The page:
Yes, the brain implant industry is growing.

And during a conference this past week hosted by the U.S. Commerce Department, industry execs pleaded for the government not to “overregulate” firms working on brain-computer interfaces (BCIs).

Specifically, reps pleaded to be allowed to source microchips from Chinese manufacturers, according to The Los Angeles Times.

BCIs are dual-use technologies, which have both civilian and military uses. 

Consequently, they come under the jurisdiction of the Bureau of Industry and Standards of the Department of Commerce and may eventually be subject to export restrictions, the LA Times noted.

Military uses of BCIs being explored by DARPA (Defense Advanced Research Projects Agency) include enabling soldiers to operate weapons with their thoughts, and more.

The Biden administration, which initially relaxed Trump era restrictions on some Chinese tech companies, has since turned around and restricted use of Chinese microchips, while trying to subsidize more American production, via the “Inflation Reduction Act” of 2022.

BCI companies at last week’s conference, including Elon Musk’s Neuralink Inc., Blackrock Neurotech of Salt Lake City, and others, generally expressed concerns about what they called government interference that might hinder the industry.

They said that the technology had important therapeutic uses in aiding patients with blindness and other maladies, and also attested that military applications remain relatively far-off use cases, given the current state of the technologies involved.

But the LA Times story noted that government officials including Assistant Secretary for Export Administration Thea Kendler have said the technology is sensitive enough already to warrant restrictions. 

“An outright condemnation of export controls is not tenable given the potential for the technology’s nefarious uses,” Kendler commented in May 2022 concerning BCI technologies.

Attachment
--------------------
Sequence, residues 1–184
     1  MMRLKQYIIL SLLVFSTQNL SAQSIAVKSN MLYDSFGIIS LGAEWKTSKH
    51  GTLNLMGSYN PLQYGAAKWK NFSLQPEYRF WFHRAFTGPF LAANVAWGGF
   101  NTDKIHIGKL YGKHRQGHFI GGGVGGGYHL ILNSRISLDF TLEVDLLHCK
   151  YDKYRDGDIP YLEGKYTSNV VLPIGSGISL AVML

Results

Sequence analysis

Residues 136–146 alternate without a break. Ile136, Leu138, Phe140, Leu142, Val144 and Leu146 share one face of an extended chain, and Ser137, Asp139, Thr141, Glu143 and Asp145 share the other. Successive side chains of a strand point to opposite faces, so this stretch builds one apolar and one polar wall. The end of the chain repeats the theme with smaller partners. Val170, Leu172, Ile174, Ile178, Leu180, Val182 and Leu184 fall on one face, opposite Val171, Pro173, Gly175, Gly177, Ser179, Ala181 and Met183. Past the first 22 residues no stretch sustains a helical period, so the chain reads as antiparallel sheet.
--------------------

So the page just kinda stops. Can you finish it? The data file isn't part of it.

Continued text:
BCI Innovation and Potential Abuse

This past December, Elon Musk said his company’s Neuralink brain interface would be ready to test in patients within six months.

Another major BCI innovator, Synchron, has a BCI that it has been testing in patient candidates with conditions including ALS.

According to, the initial patients to try Synchron’s brain-computer interface in 2022 both suffer from ALS.

“This is a new horizon. It really is,” Philip O’Keeffe, one of the patients said in an interview. “Having a direct link between your brain and your computer, it’s just another step down the path of human evolution.”

A 2022 report from global cyber security NCC Group warned that though BCIs presented positives, they might also be exploited because of security vulnerabilities that allowed an especially intrusive and dangerous kind of hacking. The group also mentioned surveillance issues.

The NCC Group report said: 

“Whereas a user of a PC may lose data or the use of their device, the costs of having an implanted BCI hacked are much greater. If a malicious actor were to gain access to a user’s BCI, it could lead to paralyzation, severe brain damage or even potentially a loss of life.”

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